Karzai and Corruption. Almost no one is more corrupt than President Karzai. Although he will make passionate speaches about how corruption needs to be eliminated he continues to be the most corrupt official in Afghanistan. In addition, he condemns U.S. efforts to reduce corruption as an attempt to meddle in Afghan soveriegn affairs. On the rare occasion that an Afghan official does try to fight corruption he will find himself quickly dismissed (fired) by Karzai. 5.
Website - I Paid a Bribe. Perhaps one way to help stem the plague of corruption in Afghanistan is to follow the example of some anti-corruption activists in India and Kenya. They have published websites where citizens can share their experiences with bribery. See www.ipaidabribe.or.ke and www.ipaidabribe.com. 8.
Afghanistan High Office of Oversight and Anti-Corruption (HOOAC)
Anti-Corruption Capacity Building
Independent Joint Anti-Corruption Monitoring & Evaluation Committee (MEC)
Special Inspector General for Afghanistan Reconstruction (SIGAR)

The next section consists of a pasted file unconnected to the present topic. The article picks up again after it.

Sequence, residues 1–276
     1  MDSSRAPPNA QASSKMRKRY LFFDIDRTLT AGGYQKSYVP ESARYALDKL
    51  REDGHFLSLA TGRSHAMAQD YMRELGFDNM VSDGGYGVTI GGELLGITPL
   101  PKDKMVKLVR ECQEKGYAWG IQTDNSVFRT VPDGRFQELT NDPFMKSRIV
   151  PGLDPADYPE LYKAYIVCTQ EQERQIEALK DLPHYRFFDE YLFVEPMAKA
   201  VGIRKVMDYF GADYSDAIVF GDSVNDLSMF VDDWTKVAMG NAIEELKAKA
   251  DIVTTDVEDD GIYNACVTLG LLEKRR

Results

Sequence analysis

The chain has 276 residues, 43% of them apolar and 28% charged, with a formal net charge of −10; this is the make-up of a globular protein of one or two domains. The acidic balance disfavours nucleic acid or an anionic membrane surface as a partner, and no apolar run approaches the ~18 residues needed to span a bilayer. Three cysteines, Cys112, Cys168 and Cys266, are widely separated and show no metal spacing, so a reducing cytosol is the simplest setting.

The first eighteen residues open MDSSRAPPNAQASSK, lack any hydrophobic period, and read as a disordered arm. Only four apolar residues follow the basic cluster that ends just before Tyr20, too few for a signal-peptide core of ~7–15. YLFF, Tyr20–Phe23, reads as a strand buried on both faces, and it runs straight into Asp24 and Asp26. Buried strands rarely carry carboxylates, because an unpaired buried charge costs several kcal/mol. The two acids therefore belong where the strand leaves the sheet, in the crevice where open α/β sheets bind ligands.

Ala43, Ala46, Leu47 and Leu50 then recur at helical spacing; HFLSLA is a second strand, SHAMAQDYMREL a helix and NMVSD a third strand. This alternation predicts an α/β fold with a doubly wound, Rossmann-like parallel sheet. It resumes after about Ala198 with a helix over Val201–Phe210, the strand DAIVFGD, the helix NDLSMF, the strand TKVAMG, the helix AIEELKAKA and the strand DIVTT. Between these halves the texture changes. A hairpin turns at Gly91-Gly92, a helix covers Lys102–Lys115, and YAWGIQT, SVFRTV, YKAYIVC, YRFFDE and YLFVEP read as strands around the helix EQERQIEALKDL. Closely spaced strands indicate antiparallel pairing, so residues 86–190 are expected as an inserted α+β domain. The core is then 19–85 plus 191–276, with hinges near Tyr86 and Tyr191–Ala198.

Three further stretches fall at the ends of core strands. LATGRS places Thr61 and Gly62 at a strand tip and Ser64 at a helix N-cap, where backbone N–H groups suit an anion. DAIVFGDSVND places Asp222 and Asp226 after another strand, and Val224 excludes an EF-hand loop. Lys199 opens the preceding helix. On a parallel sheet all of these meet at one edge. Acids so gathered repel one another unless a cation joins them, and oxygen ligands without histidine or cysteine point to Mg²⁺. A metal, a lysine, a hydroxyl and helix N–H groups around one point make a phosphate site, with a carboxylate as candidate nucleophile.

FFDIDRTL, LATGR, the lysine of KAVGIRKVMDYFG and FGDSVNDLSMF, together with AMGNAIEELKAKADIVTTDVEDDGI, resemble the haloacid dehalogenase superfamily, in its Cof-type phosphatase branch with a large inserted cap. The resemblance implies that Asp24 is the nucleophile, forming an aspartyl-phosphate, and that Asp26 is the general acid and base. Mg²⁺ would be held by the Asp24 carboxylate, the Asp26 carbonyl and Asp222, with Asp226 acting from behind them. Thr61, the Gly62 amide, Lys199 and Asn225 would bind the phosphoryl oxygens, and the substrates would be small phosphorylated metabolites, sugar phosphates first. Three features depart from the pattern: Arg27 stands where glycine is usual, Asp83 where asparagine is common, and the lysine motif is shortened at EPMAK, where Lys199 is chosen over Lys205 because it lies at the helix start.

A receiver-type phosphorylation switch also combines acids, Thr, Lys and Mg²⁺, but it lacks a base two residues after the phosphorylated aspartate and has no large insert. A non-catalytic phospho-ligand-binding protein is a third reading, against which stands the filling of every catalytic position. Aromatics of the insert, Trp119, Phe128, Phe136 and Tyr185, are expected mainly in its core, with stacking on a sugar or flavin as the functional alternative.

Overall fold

Countering Corruption in Afghanistan
Contracting With the Enemy, Special Inspector General for Afghanistan Reconstruction (SIGAR), Audit 13-6, April 2013. Accessed here.
Mobile Payments, Conflict and Corruption in Afghanistan, Blumentstock, Callen and Ghani, Berkeley University, April 27, 2012. Accessed here.
Corruption & Anti-Corruption Issues in Afghanistan, Civil-Military Fusion Centre, February 2012. Accessed here on ReliefWeb.int Feb 2012.
The Strategic Impact of Corruption in Afghanistan. Special Inspector General for Afghanistan Reconstruction (SIGAR) Information Paper. June 19, 2011. Document posted on publicintelligence.net website and accessed here on February 2012.
Anti-corruption Strategic Plan. By the Islamic Republic of Afghanistan High Office of Oversight and Anti-corruption. December 2010. An Adobe Acrobat PDF accessed here on the U.S. Army Peacekeeping & Stability Operations Institute, Carlisle, Pennsylvania on Feb 2012.
How America Corrupted Afghanistan: Time to Look in the Mirror. By Anthony H. Cordesman, Center for Strategic & International Studies (CSIS), September 8, 2010. Accessed here on CSIS web site on February 2012.
Corruption in Afghanistan. United Nations Office on Drugs and Crime, January 19, 2010. Accessed here February 2012.
Report on HOOAC by the Special Inspector General for Afghanistan Reconstruction (SIGAR) published on December 16, 2009 and accessed here on the SIGAR website (Feb 2012). (Adobe Acrobat PDF).
Preventing Corruption in Humanitarian Operations. By Transparency International. A handbook aimed at managers and staff of humanitarian agencies in the headquarters and in the field. How to identify the corruption risks and how to minimize those risks.
May 17, 2013. "Airing of Dirty Laundry Raises Afghan Hopes that Corruption will be Tackled". Radio Free Europe.